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Getting out the door and to the workplace on time can seem like an Olympic event, and some workers have trouble crossing the finish line until long after the race is over, a recent survey finds.
Twenty percent of workers arrive at work late at least once a week, according to a CareerBuilder.com survey conducted November-December 2008 with 8,038 full-time U.S. employees and 3,259 full-time hiring managers and HR professionals responding.
Traffic was the main reason one-third of workers used for their tardiness, lack of sleep was cited by nearly one-fourth of workers, and getting their children ready for school or day care was the main reason 10 percent used for being late to work.
Public transportation, and wardrobe or pet issues, also were common excuses for tardiness.
“While some employers tend to be more lenient with worker punctuality, 30 percent say they have terminated an employee for being late,” said Rosemary Haefner, vice president of HR for CareerBuilder.com, in a press release.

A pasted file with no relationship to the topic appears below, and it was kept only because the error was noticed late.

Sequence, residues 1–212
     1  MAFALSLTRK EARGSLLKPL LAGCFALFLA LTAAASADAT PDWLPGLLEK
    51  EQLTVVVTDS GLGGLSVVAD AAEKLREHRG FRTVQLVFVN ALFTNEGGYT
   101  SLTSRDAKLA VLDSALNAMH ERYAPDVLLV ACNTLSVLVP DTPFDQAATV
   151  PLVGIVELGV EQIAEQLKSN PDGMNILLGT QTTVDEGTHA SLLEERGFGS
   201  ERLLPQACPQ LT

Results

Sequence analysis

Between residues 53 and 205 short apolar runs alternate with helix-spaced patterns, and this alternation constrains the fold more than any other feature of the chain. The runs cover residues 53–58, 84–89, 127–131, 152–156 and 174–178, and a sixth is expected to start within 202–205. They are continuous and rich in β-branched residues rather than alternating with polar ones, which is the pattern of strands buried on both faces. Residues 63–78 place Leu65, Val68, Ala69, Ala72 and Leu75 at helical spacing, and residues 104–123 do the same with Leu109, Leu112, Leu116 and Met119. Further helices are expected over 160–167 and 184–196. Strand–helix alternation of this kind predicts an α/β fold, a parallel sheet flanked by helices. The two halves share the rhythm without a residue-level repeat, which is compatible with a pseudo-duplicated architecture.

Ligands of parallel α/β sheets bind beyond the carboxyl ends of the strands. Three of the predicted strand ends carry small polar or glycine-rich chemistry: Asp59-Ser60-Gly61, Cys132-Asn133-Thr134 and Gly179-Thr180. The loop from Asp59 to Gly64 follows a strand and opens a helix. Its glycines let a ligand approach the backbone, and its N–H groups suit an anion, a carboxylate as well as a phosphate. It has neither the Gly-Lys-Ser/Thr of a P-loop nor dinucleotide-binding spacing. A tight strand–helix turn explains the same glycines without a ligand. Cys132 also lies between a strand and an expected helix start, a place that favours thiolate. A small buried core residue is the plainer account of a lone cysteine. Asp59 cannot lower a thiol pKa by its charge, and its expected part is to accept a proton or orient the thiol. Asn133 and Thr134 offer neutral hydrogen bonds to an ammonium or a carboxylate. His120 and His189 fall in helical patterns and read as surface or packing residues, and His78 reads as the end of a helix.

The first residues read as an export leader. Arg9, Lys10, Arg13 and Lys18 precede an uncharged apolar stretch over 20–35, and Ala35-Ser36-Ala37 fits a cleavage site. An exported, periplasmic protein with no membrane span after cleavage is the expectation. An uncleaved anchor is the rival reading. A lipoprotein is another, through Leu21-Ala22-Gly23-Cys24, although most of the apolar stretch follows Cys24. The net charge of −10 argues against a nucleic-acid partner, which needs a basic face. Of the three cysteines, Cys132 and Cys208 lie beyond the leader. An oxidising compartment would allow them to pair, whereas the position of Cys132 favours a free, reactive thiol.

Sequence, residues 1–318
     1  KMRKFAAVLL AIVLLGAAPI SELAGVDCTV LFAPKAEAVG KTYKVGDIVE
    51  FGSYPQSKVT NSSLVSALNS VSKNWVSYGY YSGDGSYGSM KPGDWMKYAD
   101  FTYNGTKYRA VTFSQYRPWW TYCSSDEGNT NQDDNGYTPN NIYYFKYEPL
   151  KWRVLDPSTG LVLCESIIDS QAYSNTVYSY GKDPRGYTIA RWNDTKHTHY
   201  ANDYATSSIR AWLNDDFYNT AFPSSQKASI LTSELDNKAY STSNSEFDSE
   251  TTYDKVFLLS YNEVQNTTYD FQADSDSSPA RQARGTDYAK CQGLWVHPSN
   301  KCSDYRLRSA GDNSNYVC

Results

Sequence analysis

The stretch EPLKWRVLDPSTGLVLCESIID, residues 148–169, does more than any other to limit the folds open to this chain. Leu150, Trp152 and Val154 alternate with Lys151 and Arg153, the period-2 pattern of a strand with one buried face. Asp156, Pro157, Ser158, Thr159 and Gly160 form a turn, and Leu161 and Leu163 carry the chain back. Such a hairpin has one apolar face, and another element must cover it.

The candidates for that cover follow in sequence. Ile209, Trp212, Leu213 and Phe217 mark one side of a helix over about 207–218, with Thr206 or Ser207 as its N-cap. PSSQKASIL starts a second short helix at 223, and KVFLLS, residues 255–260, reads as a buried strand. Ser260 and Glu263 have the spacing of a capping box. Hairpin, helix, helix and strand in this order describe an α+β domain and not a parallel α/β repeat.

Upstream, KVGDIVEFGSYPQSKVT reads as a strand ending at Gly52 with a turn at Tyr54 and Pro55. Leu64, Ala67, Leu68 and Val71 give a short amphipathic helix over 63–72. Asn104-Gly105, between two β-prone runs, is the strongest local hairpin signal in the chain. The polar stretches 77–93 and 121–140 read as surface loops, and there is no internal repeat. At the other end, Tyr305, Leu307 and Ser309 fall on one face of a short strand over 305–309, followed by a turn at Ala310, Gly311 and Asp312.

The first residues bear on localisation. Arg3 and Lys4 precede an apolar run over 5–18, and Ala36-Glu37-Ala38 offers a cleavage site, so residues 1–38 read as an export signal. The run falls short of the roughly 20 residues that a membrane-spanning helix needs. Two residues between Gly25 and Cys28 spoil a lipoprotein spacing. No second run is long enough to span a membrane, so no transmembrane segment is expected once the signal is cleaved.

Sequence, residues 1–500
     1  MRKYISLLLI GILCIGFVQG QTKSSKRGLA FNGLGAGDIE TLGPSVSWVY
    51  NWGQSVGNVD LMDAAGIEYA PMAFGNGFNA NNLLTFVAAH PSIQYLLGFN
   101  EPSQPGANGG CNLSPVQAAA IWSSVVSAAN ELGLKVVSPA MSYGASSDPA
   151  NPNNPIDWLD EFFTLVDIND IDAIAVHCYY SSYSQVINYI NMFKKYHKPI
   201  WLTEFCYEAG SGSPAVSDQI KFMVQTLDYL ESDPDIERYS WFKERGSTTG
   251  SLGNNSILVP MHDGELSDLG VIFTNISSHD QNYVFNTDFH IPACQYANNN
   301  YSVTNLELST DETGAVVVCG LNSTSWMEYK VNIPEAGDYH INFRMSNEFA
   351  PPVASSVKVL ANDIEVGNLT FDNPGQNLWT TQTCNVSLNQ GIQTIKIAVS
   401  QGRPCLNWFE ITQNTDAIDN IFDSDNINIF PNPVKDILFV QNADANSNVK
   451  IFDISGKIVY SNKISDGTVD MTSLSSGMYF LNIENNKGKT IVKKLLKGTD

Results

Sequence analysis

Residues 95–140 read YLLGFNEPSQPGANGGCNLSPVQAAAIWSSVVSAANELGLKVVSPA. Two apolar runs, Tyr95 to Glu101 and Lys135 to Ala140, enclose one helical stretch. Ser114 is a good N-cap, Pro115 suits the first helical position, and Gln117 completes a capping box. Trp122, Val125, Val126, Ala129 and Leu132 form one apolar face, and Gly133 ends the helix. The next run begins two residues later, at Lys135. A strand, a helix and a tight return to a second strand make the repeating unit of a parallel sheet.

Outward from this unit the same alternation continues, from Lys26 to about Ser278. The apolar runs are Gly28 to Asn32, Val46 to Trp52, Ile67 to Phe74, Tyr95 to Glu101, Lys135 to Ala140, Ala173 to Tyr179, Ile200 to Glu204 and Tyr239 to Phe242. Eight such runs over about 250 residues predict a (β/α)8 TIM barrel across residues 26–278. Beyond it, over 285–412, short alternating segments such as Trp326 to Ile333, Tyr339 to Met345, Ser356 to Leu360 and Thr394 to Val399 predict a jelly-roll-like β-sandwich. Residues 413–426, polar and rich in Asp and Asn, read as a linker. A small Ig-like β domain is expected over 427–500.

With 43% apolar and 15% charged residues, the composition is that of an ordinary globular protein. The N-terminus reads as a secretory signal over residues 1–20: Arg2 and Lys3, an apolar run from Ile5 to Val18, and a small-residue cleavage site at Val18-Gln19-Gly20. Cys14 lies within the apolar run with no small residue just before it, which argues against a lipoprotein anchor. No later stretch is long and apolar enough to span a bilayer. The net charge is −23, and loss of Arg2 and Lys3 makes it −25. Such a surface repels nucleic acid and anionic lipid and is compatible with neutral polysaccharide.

A Society for Human Resource Management (SHRM) member recalled firing an employee who lived a few blocks from the office for repeated tardiness.
The employee’s excuse: her proximity to work.
“She just felt no sense of urgency in the morning and would get caught up in little things like making tea. Since she had no train to catch or car to get out of the garage, she had no prompting to get going. So, in a way, it was our fault for finding her an apartment that was too convenient,” the SHRM member recalled in a March 2008 HR Talk posting.
“Workers need to understand their company’s policies on tardiness,” observed Haefner. “If they are late, make sure they openly communicate with their managers. Employers have heard every excuse in the book, so honesty is the best policy,” she said.
Among the most outrageous excuses for tardiness that hiring managers have heard, according to CareerBuilder.com:
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